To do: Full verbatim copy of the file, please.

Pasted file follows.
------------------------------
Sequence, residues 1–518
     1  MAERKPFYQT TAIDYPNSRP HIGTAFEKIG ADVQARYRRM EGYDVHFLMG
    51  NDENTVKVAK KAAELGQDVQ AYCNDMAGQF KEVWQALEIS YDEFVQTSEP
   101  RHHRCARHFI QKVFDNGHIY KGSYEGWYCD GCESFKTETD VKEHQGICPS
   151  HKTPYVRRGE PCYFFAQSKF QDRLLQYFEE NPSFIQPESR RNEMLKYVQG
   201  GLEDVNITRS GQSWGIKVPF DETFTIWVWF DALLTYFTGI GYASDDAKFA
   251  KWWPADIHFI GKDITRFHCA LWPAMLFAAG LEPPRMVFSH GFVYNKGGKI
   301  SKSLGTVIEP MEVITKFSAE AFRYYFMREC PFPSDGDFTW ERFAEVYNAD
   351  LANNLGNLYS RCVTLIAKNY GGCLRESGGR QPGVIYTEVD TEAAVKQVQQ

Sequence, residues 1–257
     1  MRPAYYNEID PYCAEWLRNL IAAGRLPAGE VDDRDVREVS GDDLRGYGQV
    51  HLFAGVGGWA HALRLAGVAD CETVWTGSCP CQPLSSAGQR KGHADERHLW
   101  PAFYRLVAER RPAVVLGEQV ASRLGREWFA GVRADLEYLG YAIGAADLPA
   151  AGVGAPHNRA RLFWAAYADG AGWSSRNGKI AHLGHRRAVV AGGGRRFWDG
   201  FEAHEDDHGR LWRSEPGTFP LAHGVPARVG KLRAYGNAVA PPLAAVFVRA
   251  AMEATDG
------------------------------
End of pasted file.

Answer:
Sequence, residues 1–518
     1  MAERKPFYQT TAIDYPNSRP HIGTAFEKIG ADVQARYRRM EGYDVHFLMG
    51  NDENTVKVAK KAAELGQDVQ AYCNDMAGQF KEVWQALEIS YDEFVQTSEP
   101  RHHRCARHFI QKVFDNGHIY KGSYEGWYCD GCESFKTETD VKEHQGICPS
   151  HKTPYVRRGE PCYFFAQSKF QDRLLQYFEE NPSFIQPESR RNEMLKYVQG
   201  GLEDVNITRS GQSWGIKVPF DETFTIWVWF DALLTYFTGI GYASDDAKFA
   251  KWWPADIHFI GKDITRFHCA LWPAMLFAAG LEPPRMVFSH GFVYNKGGKI
   301  SKSLGTVIEP MEVITKFSAE AFRYYFMREC PFPSDGDFTW ERFAEVYNAD
   351  LANNLGNLYS RCVTLIAKNY GGCLRESGGR QPGVIYTEVD TEAAVKQVQQ

Sequence, residues 1–257
     1  MRPAYYNEID PYCAEWLRNL IAAGRLPAGE VDDRDVREVS GDDLRGYGQV
    51  HLFAGVGGWA HALRLAGVAD CETVWTGSCP CQPLSSAGQR KGHADERHLW
   101  PAFYRLVAER RPAVVLGEQV ASRLGREWFA GVRADLEYLG YAIGAADLPA
   151  AGVGAPHNRA RLFWAAYADG AGWSSRNGKI AHLGHRRAVV AGGGRRFWDG
   201  FEAHEDDHGR LWRSEPGTFP LAHGVPARVG KLRAYGNAVA PPLAAVFVRA
   251  AMEATDG